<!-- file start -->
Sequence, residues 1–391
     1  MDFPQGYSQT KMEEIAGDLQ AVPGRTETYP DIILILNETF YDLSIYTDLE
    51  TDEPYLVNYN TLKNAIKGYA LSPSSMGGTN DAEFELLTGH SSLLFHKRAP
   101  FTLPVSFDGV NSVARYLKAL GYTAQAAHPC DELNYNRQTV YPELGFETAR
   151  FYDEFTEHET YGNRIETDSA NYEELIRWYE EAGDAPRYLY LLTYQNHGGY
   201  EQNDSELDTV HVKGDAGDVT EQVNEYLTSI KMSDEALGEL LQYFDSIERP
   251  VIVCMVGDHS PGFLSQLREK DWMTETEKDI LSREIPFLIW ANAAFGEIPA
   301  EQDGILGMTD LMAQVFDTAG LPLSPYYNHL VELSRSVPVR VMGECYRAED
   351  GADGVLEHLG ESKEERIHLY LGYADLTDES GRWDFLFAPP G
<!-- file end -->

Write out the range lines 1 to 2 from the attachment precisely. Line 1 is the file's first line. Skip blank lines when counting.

Sequence, residues 1–391
     1  MDFPQGYSQT KMEEIAGDLQ AVPGRTETYP DIILILNETF YDLSIYTDLE